In this blog, I will show all the steps I took in the making of my prototype of a brand new hovercraft!
Question: How did first start off drafting for the creation of your hovercraft?
Kelly: I've learned from my Machines & Tools class with Mr. G that every design has to start off with paper and or cardboard. This took a long time because we first had to make a cardboard model that was stable and could hold up at least 50 pounds.
Question: Was it any easy task? How many times did it take until you got to hold 50 lbs?
Kelly: My team and I had to make at least about 4 different prototypes before we finally got the one and final design. It was always tricky because sometimes your designs don't work the way you imagine them to. But you just have to keep on designing. And that's what we did. Eventually we were able to make one hovercraft that could hold up way more than 50 pounds. As you can see from the pictures, the last design was very very simple. But it ended up holding at least 120 pounds! Once we finally had a set design, next it was time to move on to steel.
Question: When you started off making the steel model, did you have to make adjustments?
Kelly: Yes there had to be adjustments made. Although the cardboard version held up so much weight, you could see that hovercraft actually dragged at some points and at some points it didn't. SO we have to come up with a design to put on our steel version since it would still be flexible. So we made a draft design on Solidworks with our teacher Mr. G about making a cone/dome like structure that when it's attached to the main board, it will not bend. We realized when we had a beta testing piece being printed out that it would be difficult to make because of the round shape. And in order to make this shape in what we were going to use, A Pull Max, it would take much more time.
Question: That's a shame. So did you have to use something different to stabilize the hovercraft?
Kelly: We didn't make it too different. In fact, it was almost the same thing. However, all we did was just make the top and bottom part with a squared figure. It would end up looking like a frustum. We made two of these because we were going to connect them with a hex bolt through the middle. And that would create a seal for the bag to still have all the air trapped inside. But my job was to figure how to make the paper startup version. It required a lot of math! But eventually, I made the calculations to make a 2D piece of paper into a 3D model.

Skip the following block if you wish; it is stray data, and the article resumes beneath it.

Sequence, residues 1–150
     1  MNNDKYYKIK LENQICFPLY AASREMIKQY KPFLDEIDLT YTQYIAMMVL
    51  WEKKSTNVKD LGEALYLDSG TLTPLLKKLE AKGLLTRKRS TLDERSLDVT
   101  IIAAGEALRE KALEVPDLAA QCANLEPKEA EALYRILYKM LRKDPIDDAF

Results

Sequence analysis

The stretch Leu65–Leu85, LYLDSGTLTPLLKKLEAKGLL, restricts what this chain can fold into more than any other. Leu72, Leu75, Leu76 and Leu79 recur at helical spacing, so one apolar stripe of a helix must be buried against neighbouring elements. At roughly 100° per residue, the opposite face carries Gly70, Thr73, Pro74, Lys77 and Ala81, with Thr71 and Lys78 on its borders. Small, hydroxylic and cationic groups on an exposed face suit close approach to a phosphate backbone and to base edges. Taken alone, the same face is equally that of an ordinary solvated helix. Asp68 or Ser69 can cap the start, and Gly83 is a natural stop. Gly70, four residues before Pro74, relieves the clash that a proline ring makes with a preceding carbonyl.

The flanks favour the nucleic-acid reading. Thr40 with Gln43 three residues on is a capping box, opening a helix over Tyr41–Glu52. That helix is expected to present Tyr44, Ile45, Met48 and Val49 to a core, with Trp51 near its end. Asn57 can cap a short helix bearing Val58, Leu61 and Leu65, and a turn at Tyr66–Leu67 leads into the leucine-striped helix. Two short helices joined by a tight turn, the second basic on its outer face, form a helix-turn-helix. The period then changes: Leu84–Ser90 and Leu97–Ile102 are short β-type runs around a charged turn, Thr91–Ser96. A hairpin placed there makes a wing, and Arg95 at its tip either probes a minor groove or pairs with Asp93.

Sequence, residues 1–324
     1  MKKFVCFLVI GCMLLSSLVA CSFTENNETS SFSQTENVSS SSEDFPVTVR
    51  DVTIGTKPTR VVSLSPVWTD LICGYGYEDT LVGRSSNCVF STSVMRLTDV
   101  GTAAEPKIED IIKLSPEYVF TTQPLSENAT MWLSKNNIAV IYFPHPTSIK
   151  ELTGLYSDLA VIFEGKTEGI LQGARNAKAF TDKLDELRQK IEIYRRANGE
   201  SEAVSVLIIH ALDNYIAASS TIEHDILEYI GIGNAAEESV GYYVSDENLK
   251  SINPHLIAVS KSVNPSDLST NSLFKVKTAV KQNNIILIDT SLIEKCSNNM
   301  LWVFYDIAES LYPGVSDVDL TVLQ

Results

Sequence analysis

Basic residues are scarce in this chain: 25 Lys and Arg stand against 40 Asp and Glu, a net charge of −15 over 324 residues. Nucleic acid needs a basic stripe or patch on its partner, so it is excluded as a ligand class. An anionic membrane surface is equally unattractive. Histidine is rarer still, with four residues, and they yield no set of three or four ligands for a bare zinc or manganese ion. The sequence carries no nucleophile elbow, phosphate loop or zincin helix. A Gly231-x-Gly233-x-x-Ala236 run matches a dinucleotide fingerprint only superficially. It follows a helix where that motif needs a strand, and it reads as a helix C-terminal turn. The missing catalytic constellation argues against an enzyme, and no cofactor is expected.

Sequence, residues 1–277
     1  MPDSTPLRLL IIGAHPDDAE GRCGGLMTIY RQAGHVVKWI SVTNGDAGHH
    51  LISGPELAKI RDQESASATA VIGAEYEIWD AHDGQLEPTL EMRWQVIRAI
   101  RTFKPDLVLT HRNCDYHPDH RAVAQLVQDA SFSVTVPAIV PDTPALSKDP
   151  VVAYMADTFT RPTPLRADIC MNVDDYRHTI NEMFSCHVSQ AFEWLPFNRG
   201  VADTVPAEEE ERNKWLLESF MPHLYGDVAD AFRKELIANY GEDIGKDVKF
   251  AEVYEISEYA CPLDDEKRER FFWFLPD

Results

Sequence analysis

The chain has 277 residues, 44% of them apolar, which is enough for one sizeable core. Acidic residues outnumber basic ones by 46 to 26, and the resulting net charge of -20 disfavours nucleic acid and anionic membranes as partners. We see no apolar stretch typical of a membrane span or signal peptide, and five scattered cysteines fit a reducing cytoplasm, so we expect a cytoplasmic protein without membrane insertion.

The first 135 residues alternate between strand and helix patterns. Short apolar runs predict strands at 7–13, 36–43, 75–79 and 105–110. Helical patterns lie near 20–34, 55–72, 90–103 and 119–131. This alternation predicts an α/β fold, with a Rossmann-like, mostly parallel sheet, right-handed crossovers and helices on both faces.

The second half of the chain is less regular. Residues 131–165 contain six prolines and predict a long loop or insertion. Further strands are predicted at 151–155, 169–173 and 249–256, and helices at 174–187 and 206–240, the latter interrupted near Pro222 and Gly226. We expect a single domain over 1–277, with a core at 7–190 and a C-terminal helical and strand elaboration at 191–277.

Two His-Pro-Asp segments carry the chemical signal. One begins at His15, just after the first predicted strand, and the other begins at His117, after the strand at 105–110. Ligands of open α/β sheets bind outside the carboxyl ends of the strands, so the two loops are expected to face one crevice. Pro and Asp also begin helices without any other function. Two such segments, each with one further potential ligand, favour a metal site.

Question: Wow! How did you do that?
Kelly: To start off, I had to make a bigger circle. This is because in order to make it 3D, I have to cut off a certain fraction of the circle off and then connect those two end together. I then had to make a cover for the top of the frustum piece. Since every piece would be screwed in together, I need the frustum pieces to have a center platform in order to using a hex bolt to connect them all.
Question: Did everything go to plan? Was there anything else you had to add?
Kelly: Yes actually. We actually had to change the design for the bottom half of the hovercraft. It turned out that as I was examining the prototype on Solidworks that the bottom piece would be taller than the actual bag. That means that it won't even float! So instead, we actually inverted the bottom piece and had the center board have a hole through the middle with the same diameter of the bottom of the bottom board/frustum..
Question: Now that the problem was solved did you continue to make the paper models?
Kelly: I made the paper version of the bottom piece since it required different calculations than the top piece to make. But I did start making the center board. My team mates made the hole in the center. They made the hole with a diameter of the bottom diameter of the frustum. You can also see that I made legs on both frustums. I did this so that it would make it more still in place and it would not tear the bag once they are being tightened more by the hex bolt
Question: Now that you made your practice pieces, how did you start to make them in metal?
Kelly: I first started off by making the lines on the sheet metal with a radius stick and had the rotating side be pointy and sharp. Then I cover it with blue ink and redrew the line and made more of an indentation. And I also made my lines of how much degrees I needed to cut off. Then it was time to cut! I used two tools to cut this piece. I used hand shears and then I used what's called Beverly Shear. These were the tools that could best help me get a close and clean finish.
Kelly: When I cut something out in the shop, I had to make sure that the piece had no splinters sticking out. And of course it had a few splinters. So I began filing the edges out. Once I cut out the part I didn't need anymore, I filed the inside of the circular piece. Then I ran the piece through a roll machine in order to help the piece maintain its circular shape when the two ends are connected together. I also added in another space because I would have to spot welding the ends one on top of the other. If I added the small extra space, then it would not interfere with the measurements of the frustum parts.
(To be continued...)